Oil started lower on Monday as China set around 5%, a lower-than-expected target for economic growth this year, and investors cautiously await testimony from Federal Reserve Chairman Jerome Powell this week.
Brent crude futures were down 58 cents, or 0.7%, at $85.25 a barrel at 0340 GMT. West Texas Intermediate (WTI) crude futures also fell 0.7% to $79.12 a barrel.
Crude oil is in a struggle with optimism about the reopening of China and tensions over the Fed’s hawkish policy hurting the US economy.
China’s closely watched growth outlook announced on Sunday, fell short of the 5.5% gross domestic product (GDP) growth target last year. GDP grew only 3% last year. Policy sources said that a range as high as 6% could be set for 2023.
Prime Minister Li Keqiang said on Sunday that the foundation for stable growth in China needs to be consolidated, insufficient demand remains a significant problem, and the prospects for private investors and businesses are unstable.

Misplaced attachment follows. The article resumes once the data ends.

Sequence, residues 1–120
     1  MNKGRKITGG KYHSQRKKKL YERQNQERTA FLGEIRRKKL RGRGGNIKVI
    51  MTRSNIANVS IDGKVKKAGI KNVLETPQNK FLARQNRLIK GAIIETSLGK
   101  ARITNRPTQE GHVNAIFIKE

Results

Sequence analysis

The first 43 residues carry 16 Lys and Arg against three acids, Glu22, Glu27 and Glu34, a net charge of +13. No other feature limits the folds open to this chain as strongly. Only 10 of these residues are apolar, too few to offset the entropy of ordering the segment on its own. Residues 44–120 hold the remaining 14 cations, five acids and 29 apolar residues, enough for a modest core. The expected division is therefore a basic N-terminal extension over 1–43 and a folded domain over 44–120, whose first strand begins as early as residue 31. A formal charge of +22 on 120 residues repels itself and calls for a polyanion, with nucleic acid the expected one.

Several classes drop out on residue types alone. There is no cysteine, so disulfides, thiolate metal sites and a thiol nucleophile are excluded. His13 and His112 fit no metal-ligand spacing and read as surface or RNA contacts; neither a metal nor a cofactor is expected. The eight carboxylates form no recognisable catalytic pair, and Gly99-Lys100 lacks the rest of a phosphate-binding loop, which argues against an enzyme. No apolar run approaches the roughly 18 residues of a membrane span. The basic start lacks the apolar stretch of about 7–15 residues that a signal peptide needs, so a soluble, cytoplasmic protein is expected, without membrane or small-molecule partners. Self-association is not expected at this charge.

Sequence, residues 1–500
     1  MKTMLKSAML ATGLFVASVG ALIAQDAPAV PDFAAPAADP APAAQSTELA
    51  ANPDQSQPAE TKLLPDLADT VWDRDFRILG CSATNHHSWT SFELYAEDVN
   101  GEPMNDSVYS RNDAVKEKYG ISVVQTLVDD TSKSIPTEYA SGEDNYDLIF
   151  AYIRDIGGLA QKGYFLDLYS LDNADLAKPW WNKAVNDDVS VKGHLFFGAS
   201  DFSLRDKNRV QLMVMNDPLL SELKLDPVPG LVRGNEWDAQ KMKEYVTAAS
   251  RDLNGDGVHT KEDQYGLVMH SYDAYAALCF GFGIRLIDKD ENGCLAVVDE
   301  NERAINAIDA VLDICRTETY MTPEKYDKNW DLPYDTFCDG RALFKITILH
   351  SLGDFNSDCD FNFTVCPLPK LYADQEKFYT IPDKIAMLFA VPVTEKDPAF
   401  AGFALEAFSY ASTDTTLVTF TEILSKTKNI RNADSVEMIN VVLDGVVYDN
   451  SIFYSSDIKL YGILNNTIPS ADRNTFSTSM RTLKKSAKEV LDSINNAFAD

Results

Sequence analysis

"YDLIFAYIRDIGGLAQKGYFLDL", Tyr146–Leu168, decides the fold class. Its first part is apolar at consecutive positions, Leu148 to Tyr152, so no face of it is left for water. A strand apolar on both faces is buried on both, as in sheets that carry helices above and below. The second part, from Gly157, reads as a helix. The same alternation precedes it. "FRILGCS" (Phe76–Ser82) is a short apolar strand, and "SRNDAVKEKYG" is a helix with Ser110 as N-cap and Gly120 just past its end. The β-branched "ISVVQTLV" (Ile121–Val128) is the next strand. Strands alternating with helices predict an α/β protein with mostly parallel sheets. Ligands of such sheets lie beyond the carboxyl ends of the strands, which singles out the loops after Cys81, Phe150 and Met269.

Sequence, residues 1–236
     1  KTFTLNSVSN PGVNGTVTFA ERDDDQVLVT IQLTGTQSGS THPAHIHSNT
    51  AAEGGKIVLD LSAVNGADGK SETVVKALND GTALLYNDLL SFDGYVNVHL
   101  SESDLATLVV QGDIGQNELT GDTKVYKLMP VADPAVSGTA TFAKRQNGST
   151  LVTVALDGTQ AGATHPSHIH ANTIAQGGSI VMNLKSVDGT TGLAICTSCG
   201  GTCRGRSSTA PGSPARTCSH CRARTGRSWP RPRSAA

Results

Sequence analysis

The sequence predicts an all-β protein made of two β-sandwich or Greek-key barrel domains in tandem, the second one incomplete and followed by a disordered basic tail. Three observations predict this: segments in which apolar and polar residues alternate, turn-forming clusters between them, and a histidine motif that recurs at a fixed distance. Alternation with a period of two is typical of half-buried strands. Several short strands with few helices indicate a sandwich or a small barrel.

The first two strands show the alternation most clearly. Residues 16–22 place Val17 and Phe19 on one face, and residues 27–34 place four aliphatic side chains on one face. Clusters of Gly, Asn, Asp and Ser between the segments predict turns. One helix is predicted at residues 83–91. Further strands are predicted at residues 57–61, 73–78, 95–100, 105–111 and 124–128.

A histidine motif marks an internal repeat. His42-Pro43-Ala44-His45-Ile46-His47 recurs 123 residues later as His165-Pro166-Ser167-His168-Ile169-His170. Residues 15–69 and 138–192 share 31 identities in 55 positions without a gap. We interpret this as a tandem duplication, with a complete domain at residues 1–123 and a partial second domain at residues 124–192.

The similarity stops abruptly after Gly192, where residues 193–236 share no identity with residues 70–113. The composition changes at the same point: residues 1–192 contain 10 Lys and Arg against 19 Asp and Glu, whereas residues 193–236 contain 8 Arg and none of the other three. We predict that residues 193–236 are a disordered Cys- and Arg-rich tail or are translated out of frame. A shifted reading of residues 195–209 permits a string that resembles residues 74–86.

Both crude oil gauges rose more than $1 on Friday after sources said the report that the United Arab Emirates was considering leaving OPEC was untrue.
The recovery was greater than the drop reported in the news, putting crude oil prices in overbought territory, so it’s not surprising that prices corrected lower this morning.
At the same time, oil prices are likely to be affected by worldwide interest rate hikes as global central banks tighten their policies amid growing inflation fears. Traders are factoring in rate hikes across the world, but smaller increases are expected compared to last year.
Federal Reserve Governor Jerome Powell will testify in Congress on Tuesday and Wednesday. He will likely be questioned whether larger hikes are needed in the world’s largest oil-consuming country.
The February employment report in the USA is also on the agenda. Future US rate hikes will also likely depend on what the February payroll report will reveal on Friday, followed by the February inflation report to be released next week.
Over the weekend, European Central Bank Governor Christine Lagarde said they would likely need to raise interest rates this month to keep inflation in check.